I scan the kitchen. The damage is largely superficial this time, although there is some broken glass and china on the floor, and sugar everywhere. I notice the ache in my bruised back as I bend down to pick up the carving knife and place it in the sink.

The tidying up will have to wait. I put the kettle on to boil, and go upstairs to the bathroom.

I don’t want to look at the 2 inch slit in my jeans. I get a clean sponge and soak the area where the blood has dried, sticking the denim to my calf. I shouldn’t have turned my back on her. I shouldn’t have said no.

I take my jeans off, and pull the cut together with adhesive stitches. I can’t go to A&E. They didn’t believe the last story, and their kindly questions made my throat swell painfully.

In the sitting room, the cracked hairdryer lies on the floor. I drop it in the bin and huddle on the sofa with my cup of sweet tea. I stare at the wall. I should clean up, but I feel too heavy to stand.

The next time I will call the police. The next time.

If I can.

© Jane Paterson Basil

WALLS AND BRAMBLES

This is a beautiful world, where ugliness creeps in and tries to dominate. As a child, surrounded by fields and trees, protected by a loving family, I was happily unaware of anything more evil than the boggy area I got stuck in one day as I walked by the stream.

However, in school I felt alienated from those around me, because I came from a different culture than them. While I was as British as my contemporaries, this was a small village school in a rural location, and all of the children came from families who had lived there for generations; probably forever. My mother was a Scotswoman; a ballet dancer, and my father had been a professional photographer with a successful studio in London. When he hit forty, he decided to change his life, and gave up his business to move himself, his pregnant wife and his three sons to North Devon, where he became a farm labourer. I was the bump in my mother’s belly.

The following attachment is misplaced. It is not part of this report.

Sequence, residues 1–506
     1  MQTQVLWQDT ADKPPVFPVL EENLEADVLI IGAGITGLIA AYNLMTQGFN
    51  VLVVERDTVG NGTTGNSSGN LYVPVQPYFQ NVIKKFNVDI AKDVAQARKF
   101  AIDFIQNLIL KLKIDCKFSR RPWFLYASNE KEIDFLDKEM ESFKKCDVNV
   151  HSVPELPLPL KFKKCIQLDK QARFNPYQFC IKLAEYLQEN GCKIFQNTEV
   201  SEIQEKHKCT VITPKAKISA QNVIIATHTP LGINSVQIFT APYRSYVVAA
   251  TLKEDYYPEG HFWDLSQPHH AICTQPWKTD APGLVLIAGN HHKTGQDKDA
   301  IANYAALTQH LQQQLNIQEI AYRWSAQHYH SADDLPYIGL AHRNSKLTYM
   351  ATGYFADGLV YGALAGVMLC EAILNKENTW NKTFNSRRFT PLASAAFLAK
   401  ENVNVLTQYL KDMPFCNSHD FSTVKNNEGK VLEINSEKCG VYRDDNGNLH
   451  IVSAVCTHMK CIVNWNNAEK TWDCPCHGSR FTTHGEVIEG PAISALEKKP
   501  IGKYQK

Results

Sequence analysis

Although I was born in the area, I was never accepted as a local. My accent was different, and so was my background. I was heavily influenced by my father’s eccentricities, and was considered strange.  ‘Ers a bit mazed een the aid’ (translation: she is a bit mad in the head) was the way the locals voiced it.

I am grateful to my parents for encouraging individuality, but as a child, proud though I was of my heritage, it made interaction with those around me difficult. When climbing trees, turning cartwheels and running through fields I was confident and complete, but I shied away from most company.